Becoming Human

Becoming Human: The Matter of the Medieval Child

J. ALLAN MITCHELL
Copyright Date: 2014
Pages: 288
https://www.jstor.org/stable/10.5749/j.ctt6wr7k9
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  • Book Info
    Becoming Human
    Book Description:

    Becoming Humanargues that human identity was articulated and extended across a wide range of textual, visual, and artifactual assemblages from the twelfth to the fifteenth centuries. J. Allan Mitchell shows how the formation of the child expresses a manifold and mutable style of being. To be human is to learn to dwell among a welter of things.

    A searching and provocative historical inquiry into human becoming, the book presents a set of idiosyncratic essays on embryology and infancy, play and games, and manners, meals, and other messes. While it makes significant contributions to medieval scholarship on the body, family, and material culture,Becoming Humantheorizes anew what might be called a medieval ecological imaginary. Mitchell examines a broad array of phenomenal objects-including medical diagrams, toy knights, tableware, conduct texts, dream visions, and scientific instruments-and in the process reanimates distinctly medieval ontologies.

    In addressing the emergence of the human in the later Middle Ages, Mitchell identifies areas where humanity remains at risk. In illuminating the past, he shines fresh light on our present.

    eISBN: 978-1-4529-4156-1
    Subjects: Language & Literature, Philosophy, Sociology

Table of Contents

  1. Front Matter
    (pp. i-iv)
  2. Table of Contents
    (pp. v-vi)
  3. Preface
    (pp. vii-x)
  4. Introduction
    (pp. xi-xxx)

    In an astonishing passage about nativity and infancy located near the beginning of hisConfessions,Augustine meditates on his origins in the impersonal and immemorial event of birth. He begins to confess, in other words, where no autobiography is possible, and may be taken to confess to the fault of not being able to produce one in the first place. Reflecting on his derivation from something so foreign and forgotten as being born introduces a sort of quietus at the center of his mortal being. “For all I want to tell you, Lord, is that I do not know where...

  5. Being Born
    (pp. 1-58)

    At the start of hisConfessions,Augustine is more candid than most about the precariousness of life, peering into the abyssal depths of becoming from which anything at all arises. But his remarks about the amnesiac infant are meant to be instructive, generating further reflection on the mysterious origins and ends of life. For in facing up to the existential limits of the child, Augustine initiates a struggle to apprehend transcendent being: “You, O Lord my God, gave me my life and my body when I was born.”¹ Memory having failed, the confessional subject has recourse to apostrophe and assertive...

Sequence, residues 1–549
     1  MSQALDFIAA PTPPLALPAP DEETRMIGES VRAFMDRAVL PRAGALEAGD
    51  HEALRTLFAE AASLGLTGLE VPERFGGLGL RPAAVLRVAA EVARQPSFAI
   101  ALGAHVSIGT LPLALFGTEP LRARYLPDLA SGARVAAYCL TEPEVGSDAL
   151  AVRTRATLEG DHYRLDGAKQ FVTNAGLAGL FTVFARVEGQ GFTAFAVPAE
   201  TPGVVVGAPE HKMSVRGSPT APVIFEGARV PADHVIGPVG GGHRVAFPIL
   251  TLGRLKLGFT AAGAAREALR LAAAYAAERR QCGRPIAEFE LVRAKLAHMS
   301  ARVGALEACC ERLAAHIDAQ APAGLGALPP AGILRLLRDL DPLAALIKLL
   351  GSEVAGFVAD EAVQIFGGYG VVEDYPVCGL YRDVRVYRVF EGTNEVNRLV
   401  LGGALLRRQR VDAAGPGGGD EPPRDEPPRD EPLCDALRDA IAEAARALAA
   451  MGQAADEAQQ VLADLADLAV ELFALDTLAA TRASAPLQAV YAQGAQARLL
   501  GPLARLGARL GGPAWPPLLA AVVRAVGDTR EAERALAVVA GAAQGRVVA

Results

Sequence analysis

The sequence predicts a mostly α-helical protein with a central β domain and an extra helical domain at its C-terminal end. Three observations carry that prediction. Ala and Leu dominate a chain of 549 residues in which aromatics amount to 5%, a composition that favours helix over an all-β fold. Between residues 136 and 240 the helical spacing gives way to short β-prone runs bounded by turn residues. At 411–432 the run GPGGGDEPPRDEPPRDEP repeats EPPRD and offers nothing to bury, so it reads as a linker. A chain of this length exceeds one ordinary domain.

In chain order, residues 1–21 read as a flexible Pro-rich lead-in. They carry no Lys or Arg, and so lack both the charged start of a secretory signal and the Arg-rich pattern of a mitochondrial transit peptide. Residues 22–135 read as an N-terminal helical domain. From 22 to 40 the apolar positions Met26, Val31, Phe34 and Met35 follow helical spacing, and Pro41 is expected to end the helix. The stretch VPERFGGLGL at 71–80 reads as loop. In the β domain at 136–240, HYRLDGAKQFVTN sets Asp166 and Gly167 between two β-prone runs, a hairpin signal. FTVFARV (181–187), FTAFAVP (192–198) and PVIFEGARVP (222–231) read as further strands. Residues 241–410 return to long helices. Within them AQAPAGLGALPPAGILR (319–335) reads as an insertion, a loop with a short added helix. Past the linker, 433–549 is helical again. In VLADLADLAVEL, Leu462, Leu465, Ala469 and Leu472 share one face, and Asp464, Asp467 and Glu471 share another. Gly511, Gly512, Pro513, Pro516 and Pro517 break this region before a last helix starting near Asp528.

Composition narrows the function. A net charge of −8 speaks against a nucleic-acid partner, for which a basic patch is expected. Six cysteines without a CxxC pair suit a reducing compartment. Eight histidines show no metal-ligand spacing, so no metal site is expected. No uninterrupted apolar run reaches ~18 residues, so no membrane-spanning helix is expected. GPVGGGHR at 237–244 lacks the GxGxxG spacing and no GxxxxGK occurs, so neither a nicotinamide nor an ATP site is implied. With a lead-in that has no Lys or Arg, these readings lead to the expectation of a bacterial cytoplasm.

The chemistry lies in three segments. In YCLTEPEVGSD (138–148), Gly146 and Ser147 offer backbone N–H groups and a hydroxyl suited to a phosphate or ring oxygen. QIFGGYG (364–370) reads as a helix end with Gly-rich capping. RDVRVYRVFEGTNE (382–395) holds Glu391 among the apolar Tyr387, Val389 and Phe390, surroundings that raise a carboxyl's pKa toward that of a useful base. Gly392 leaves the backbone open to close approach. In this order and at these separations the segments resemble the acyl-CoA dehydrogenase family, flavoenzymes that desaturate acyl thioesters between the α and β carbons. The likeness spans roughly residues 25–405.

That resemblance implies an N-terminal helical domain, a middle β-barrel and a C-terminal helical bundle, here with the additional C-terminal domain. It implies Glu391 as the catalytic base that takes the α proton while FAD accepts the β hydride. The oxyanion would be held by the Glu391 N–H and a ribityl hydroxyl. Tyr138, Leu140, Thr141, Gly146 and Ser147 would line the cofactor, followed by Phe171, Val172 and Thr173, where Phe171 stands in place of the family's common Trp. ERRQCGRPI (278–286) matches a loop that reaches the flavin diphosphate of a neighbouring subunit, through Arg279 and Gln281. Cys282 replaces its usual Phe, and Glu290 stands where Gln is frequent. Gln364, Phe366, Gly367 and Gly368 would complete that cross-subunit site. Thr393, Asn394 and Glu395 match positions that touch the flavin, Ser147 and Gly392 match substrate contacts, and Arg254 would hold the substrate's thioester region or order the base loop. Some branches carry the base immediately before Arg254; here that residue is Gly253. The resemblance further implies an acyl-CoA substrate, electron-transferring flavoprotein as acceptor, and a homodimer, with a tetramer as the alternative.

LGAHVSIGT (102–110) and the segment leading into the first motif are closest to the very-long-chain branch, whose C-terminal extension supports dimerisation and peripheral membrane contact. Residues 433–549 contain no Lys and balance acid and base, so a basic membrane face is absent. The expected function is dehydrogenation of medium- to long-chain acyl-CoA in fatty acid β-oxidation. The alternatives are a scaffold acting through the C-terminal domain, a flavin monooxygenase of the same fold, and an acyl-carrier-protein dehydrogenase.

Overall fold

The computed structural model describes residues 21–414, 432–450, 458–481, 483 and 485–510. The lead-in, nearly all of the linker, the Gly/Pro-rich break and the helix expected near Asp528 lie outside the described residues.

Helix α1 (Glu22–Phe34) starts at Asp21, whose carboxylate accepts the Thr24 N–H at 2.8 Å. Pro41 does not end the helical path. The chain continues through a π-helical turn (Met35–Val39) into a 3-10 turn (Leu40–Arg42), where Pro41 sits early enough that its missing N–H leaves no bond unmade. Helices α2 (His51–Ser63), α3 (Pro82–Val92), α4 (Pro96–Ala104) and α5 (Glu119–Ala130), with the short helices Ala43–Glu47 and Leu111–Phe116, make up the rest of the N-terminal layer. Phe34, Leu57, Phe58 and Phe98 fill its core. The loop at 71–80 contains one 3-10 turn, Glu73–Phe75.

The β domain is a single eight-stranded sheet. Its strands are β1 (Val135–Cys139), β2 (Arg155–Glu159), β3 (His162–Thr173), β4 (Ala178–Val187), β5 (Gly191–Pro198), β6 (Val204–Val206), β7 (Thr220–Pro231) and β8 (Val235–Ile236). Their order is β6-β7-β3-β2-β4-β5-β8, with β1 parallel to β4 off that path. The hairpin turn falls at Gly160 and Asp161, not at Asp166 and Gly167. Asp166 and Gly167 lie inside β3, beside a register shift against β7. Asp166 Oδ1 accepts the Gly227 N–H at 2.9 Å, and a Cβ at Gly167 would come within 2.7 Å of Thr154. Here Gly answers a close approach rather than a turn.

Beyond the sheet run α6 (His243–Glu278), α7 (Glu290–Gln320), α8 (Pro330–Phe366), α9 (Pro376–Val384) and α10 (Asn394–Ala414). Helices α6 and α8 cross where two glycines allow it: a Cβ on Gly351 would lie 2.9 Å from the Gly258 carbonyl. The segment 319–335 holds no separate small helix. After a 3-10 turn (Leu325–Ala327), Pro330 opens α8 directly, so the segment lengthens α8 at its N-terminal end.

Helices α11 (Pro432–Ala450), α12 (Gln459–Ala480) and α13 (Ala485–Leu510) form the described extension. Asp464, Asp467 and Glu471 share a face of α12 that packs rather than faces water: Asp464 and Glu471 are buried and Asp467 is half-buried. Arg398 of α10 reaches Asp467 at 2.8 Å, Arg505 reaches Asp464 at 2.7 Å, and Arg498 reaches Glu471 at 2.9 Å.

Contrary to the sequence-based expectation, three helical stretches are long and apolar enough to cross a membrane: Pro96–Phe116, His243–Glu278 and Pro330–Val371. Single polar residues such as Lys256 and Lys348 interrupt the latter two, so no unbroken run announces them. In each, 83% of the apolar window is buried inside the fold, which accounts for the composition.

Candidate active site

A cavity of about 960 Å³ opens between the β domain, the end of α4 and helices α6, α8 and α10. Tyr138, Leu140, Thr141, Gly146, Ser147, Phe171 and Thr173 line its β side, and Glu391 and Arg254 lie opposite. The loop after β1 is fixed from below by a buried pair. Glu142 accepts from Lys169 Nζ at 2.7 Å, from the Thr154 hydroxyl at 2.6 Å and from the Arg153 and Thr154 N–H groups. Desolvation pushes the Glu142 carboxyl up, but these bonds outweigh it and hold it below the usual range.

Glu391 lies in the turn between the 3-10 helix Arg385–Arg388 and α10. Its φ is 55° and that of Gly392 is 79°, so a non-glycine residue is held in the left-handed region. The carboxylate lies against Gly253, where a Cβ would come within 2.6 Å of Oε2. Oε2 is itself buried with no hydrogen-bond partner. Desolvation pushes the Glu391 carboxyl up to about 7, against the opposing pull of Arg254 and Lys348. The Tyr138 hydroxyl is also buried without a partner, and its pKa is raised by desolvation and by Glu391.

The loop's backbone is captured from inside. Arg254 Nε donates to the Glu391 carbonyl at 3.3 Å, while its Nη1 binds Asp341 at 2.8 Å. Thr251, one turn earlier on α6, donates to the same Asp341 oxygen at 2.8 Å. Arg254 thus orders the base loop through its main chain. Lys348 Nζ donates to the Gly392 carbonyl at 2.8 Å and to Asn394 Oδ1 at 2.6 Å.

6. Childish Things
    (pp. 59-116)

    An early-fourteenth-century miniature knight on horseback, discovered in the muddy foreshore of the River Thames in the 1980s, now sits on display behind a glass case in the Museum of London (see Plate 6).¹ It is a hollow, three-dimensional man and mount cast in pewter (tin–lead alloy), standing just over two inches tall. City smiths likely manufactured such replicas for the children of a growing urban middle class, although given the taste for chivalric imagery and miniaturization across the social spectrum, adults, too, may have coveted a portable figurine of this type.² The armor and rigging have suggested a...

  7. The Mess
    (pp. 117-174)

    Tables can appear to be no more than convenient, receptive household objects, entirely correlated to human use. Bartholomaeus Anglicus’sOn the Properties of Things,translated into Middle English by John Trevisa late in the 1390s, offers a relevant generic definition: “A borde hatte [is called]tabulaand hath þat name ofteneo, tenes‘to holde.’” In the practical manner of everyday things, tables carry different senses and sentiments depending on context. They are like so many empty placeholders. So we go on to read: “tabulais in oon significacioun a mete bord and nameliche of riche men, as it were...

  8. Epilogue
    (pp. 175-178)

    I have offered what may appear to be a strongly revisionist account of medieval cosmology, ontology, economy, and ethics. But this book is not out to revise the past. From several vantage points (scientific, technological, artifactual, and literary), the human has been shown to become one intercalated and immanent form of matter among others. Fair descriptions of the given phenomena are sufficient to draw the main conclusions. It is true that some dominant voices continued to insist on human particularity and relative supremacy (where humans occupy pride of place in some “scale of nature”), but self-congratulatory assertions tend to ignore...

  9. Notes
    (pp. 179-236)
  10. Index
    (pp. 237-249)
  11. Back Matter
    (pp. 250-250)
  12. [Illustrations]
    (pp. None)